Tag Archives: George Orwell

Top Ten Tuesday: Standalone Books That Need a Sequel

Hosted by That Artsy Reader Girl

Last year, I wrote a (non-Top-Ten-Tuesday) post about books that need prequels. Today, I’ll be talking about some standalone books that need sequels. This list is shorter than usual because of how many authors and publishers are eager to publish sequels to stories that do well. There simply aren’t a lot of books that I wish had sequels. Hopefully, some of you will have longer lists.

1. The Hate U Give by Angie Thomas

While I loved the ending of this book, I couldn’t help but to hope we’d hear more from Starr again. The resolutions to her problems were incredibly realistic, but they also left a lot of room for speculating about how or if they might shift again in the future. What can I say? I wanted a happier ended than the one we got, and I’m still holding out home that it might happen someday. (The film is still on my to-be-watched list, so maybe it was different? Please don’t give me spoilers if they changed the ending!)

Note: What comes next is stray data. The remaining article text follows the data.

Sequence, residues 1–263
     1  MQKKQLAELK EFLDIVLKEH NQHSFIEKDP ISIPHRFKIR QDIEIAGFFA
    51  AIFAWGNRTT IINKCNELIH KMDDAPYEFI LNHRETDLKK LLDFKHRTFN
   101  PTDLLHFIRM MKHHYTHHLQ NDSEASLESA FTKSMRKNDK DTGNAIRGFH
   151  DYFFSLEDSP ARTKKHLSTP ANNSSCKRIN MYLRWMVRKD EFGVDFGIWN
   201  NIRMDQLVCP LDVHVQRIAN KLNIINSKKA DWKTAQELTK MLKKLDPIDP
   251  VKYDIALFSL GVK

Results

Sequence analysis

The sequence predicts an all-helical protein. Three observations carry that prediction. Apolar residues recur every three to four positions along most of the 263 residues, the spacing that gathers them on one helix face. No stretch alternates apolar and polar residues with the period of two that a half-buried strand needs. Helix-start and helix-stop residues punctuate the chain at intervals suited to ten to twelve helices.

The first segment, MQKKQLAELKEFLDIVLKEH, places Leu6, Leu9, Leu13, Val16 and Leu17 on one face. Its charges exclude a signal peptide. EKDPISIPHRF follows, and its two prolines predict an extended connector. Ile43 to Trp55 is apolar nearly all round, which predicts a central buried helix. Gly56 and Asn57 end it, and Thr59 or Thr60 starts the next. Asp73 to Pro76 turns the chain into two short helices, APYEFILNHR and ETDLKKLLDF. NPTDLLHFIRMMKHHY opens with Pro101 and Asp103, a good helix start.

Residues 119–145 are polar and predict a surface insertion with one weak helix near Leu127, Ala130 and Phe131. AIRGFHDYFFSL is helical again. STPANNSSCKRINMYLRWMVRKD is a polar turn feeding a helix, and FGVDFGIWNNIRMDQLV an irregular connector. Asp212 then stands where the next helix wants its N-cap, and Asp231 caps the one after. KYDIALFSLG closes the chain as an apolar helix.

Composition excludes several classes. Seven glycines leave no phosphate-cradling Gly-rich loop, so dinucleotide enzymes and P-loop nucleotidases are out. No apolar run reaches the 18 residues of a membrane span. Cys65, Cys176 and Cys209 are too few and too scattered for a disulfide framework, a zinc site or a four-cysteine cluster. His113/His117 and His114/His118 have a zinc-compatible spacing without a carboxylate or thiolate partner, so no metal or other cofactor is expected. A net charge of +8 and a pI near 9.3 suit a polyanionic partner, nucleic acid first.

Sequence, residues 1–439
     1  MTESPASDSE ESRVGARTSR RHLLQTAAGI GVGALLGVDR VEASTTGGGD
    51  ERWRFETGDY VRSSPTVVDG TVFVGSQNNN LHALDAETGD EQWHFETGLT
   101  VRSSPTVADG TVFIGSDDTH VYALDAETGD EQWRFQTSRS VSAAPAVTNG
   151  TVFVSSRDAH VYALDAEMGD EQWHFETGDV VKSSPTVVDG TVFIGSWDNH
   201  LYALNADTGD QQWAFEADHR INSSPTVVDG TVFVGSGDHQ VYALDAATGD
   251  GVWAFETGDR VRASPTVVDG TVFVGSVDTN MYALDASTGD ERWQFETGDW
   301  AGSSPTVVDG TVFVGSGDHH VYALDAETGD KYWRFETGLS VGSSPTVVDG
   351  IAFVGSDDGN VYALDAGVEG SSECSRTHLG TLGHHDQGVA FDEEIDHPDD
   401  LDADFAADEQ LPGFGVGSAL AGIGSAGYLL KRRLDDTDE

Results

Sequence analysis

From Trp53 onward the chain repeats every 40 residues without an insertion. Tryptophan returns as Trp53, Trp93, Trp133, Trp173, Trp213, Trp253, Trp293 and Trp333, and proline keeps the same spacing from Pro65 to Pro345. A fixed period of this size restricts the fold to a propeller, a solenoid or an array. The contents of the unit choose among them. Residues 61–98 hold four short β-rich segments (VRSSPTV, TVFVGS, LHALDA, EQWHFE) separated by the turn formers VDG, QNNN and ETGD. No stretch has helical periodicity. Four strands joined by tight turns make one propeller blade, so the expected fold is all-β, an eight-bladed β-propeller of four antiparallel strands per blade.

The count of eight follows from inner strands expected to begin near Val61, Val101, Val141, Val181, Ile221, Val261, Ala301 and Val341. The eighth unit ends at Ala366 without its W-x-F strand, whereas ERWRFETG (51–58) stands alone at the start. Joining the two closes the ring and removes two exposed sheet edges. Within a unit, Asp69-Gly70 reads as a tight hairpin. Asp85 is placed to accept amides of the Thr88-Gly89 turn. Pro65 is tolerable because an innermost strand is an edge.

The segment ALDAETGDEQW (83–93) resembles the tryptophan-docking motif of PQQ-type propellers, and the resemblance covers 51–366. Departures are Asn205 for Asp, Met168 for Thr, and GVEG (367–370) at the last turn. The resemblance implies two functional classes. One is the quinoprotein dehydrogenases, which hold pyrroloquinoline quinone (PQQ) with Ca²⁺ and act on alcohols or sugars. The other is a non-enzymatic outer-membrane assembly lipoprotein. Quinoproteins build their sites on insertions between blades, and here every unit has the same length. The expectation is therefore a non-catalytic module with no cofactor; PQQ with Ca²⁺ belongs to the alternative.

2. Speak by Laurie Halse Anderson

Melinda, the main character, had been through something so awful she couldn’t even talk about it. I loved getting to know her sweet, creative personality and slowly uncovering the cause of her pain. She was a lovely person, and I sure would like to see what she was like a few years or decades after this terrible time in her life.

Skip the sentence below this paragraph if you want to avoid all spoilers. Keep reading if you prefer to know about potentially triggering subject matter ahead of time .

This book is about rape and the long-term traumatic effects of that crime. I was caught off-guard by that plot twist, so I feel obligated to let other potential readers know about it.

3. Bridge to Terabithia  by Katherine Paterson

The friendship between Jess (the main character) and his neighbour, Lesie is something I still think about to this day. While the ending to this tale was well done, I’d sure like to see what life was like for the characters decades later. There’s so much room for growth here.